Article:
Written by on September 27, 2010

The Frozen Rabbi, by Steve Stern

61285303.JPGIf there’s such a genre as Yiddish magical realism, this must be it. Ranging from a shtetl in Poland in the 1890s to New York’s Lower East Side in the teens to Memphis at the turn of the millennium, this wild tale follows a mystical rabbi and his caretakers from the old world to the new.

It all begins when the rabbi, deep in a trance, sleeps through a flood and subsequently gets frozen into a block of ice. One of his followers takes responsibility for guarding the body. His congregation’s belief in him is strong enough that they’re not quite willing to sit shiva for him and declare him dead. When pogroms begin in the rabbi’s village, his flock escapes to America, and he comes along with them. There are multiple twists and turns along the way, but he winds up in a deep freeze in a Memphis basement, and might have stayed there undisturbed among the brisket and hamburger forever, if not for a power failure.11stern_t160.jpg

Here’s a sample from the first chapter:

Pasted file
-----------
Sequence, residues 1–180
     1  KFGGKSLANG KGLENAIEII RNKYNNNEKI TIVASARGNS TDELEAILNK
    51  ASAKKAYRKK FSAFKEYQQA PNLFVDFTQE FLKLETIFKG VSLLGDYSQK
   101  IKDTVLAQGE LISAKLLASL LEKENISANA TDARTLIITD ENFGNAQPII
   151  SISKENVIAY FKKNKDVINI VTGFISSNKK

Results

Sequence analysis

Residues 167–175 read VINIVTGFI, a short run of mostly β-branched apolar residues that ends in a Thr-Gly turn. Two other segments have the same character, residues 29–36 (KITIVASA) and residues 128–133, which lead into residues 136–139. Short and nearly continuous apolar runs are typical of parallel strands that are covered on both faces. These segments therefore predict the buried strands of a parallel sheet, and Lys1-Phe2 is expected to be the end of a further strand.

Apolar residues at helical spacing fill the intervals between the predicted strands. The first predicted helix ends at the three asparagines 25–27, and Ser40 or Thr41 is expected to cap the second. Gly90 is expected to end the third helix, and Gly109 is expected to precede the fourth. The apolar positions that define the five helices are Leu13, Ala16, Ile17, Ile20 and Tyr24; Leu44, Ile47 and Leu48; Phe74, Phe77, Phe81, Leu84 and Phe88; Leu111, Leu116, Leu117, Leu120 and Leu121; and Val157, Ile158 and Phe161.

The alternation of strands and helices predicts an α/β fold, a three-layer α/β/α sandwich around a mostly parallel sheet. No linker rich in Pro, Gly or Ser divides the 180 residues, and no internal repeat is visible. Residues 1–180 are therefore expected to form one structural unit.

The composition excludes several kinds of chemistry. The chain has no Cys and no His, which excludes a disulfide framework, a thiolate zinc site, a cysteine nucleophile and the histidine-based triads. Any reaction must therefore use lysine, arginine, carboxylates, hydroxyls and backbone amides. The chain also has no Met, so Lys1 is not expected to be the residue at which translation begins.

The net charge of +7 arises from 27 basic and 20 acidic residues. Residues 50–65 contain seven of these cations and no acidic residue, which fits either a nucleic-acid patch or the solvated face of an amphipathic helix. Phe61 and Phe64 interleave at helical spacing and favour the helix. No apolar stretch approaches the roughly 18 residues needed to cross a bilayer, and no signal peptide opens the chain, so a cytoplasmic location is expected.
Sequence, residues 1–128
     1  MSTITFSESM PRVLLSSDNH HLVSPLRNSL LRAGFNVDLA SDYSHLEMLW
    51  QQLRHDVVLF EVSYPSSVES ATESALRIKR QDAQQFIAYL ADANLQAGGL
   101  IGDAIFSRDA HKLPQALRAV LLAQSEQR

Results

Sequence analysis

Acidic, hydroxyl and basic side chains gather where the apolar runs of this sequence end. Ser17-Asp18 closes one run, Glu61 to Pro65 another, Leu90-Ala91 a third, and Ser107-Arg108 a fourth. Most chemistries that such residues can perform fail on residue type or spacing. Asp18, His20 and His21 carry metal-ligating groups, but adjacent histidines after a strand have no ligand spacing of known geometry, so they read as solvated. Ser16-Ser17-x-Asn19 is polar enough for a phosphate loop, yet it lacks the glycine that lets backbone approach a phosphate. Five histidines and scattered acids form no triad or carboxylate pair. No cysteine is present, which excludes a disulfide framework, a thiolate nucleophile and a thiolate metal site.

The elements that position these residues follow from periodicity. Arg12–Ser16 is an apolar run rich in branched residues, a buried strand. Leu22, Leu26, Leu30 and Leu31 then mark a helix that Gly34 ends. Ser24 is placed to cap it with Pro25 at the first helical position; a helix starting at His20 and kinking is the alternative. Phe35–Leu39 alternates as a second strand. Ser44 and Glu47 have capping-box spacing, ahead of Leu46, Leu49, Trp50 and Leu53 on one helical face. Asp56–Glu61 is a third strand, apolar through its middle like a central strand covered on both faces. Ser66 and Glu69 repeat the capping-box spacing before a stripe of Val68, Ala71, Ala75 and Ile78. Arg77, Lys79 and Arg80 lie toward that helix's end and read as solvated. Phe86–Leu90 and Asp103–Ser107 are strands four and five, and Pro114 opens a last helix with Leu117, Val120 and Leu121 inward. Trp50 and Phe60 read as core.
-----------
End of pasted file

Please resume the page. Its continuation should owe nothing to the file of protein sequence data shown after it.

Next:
Sometime during his restless fifteenth year, Bernie Karp discovered in his parents’ food freezer-a white-enameled Kelvinator humming in its corner of the basement rumpus room-an old man frozen in a block of ice. He had been searching for a slab of meat, albeit not for the purpose of eating. Having recently sneaked his parents’ copy of a famously scandalous novel of the sixties in which the adolescent hero has relations with a piece of liver, Bernie was moved to duplicate the feat. No stranger to touching himself, he hardly dared to dream of touching another, so inaccessible seemed the flesh of young girls. His only physical intimacy so far had been with his mother’s Hoover, innumerable pairs of socks, and his big sister’s orchid pink underpants retrieved from the dirty clothes hamper in the bathroom. Then he had come upon the novel he’d once heard his parents sheepishly refer to as the required reading of their youth. Not a reader, nor much of an active participant in his own uninquisitive life, Bernie had nevertheless browsed the more explicit passages of the book and so conceived the idea of defrosting a piece of liver.

To see Stern get the rabbi from one generation to the next is a delight. It’s hilarious and tragic by turns, one of the most entertaining books I’ve read this year.

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